A recent headline in the Toronto Star read "Credit Card Defaults at Record Level". It indicated a record level of accounts being written off as uncollectable for 3 straight quarters.
So what does this have to do with real estate? Most real estate buyers will need a mortgage. As part of the approval process, the lenders will turn to a credit reporting agency to determine the credit worthiness of the potential buyer. The most common credit reporting agency in Canada is Equifax and they look at a number of factors to establish a Beacon Score. The factors they use and the proportion of importance they assign to each are: payment history 35%, amounts owed 30%, lenght of credit history 15%, new credit 10% and type of credit used 10%. So potential buyers may be declined based on their unacceptably low Beacon Score. Further, they may be approved but at a higher interest rate to offset perceived higher risk to the lender. This, in turn, will affect the amount they can borrow.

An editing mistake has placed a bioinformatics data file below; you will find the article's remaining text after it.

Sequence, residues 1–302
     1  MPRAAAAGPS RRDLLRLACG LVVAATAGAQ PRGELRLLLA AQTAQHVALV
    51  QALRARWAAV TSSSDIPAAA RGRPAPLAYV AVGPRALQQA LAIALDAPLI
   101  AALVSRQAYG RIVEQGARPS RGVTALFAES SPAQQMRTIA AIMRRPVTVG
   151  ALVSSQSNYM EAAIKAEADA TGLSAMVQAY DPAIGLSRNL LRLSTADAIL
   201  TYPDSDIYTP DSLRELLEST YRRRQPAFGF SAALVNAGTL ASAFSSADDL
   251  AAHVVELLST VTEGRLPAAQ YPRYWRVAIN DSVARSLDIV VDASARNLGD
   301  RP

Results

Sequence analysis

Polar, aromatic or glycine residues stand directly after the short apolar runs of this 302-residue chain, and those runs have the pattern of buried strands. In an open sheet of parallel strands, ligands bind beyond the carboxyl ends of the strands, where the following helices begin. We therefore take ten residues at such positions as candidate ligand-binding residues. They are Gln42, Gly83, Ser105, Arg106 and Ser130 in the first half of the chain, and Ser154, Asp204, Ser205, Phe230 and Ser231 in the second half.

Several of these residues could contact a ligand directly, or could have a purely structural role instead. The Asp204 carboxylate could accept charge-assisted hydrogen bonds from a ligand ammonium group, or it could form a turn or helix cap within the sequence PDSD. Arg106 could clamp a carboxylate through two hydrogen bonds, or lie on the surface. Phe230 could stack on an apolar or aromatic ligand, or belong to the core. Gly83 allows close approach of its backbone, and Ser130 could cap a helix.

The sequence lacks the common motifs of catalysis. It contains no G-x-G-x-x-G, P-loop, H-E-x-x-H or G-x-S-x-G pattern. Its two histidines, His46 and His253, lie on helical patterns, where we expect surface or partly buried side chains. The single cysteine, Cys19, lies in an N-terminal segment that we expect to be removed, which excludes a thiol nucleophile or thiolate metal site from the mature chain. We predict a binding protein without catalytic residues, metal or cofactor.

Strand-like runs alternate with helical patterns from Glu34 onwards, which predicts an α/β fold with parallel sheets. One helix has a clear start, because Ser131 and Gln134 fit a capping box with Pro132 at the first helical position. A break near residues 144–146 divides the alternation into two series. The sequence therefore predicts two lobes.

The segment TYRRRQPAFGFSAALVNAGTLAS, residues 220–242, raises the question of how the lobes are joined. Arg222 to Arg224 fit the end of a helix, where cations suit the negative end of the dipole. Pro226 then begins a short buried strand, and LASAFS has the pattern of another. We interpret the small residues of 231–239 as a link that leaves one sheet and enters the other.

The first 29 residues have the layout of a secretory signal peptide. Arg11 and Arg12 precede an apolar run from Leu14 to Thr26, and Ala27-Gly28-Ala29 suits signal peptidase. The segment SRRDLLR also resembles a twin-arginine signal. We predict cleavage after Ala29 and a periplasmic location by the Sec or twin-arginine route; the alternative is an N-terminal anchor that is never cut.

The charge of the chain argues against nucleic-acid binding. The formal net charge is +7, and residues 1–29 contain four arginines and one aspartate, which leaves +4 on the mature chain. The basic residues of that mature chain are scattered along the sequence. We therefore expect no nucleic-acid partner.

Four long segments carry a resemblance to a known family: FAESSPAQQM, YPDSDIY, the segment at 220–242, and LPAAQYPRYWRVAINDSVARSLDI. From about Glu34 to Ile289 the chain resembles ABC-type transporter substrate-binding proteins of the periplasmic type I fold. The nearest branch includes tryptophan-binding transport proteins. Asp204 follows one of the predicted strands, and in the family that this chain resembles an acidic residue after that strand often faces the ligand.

A poor Beacon Score can even adversely affect current homeowners. Some lenders are checking Beacon Scores prior to renewing an existing mortgage. In other words, the homeowner can pay the mortgage on time and still be denied at renewal. Their view is the credit card delinquency is a precursor to mortgage payment delinquency and possibly an unwanted Power of Sale. Many insurance companies are also checking credit prior to sending out house insurance renewals. House insurance premiums can increase dramatically if credit is judged unsatisfactory. It appears their belief is that if homeowners are behind on their payments, they'll be a higher risk for deferred maintenance and potential claims.
In summary, it is crucial to protect your good credit. Always pay at least the minimum by the due date. If you're having problems, contact the company involved as soon as possible and explain the situation. You may be pleasantly surprised at their willingness to work it out.
My next post will look at September 2009 Sales as reported by the Kitchener-Waterloo Real Estate Board.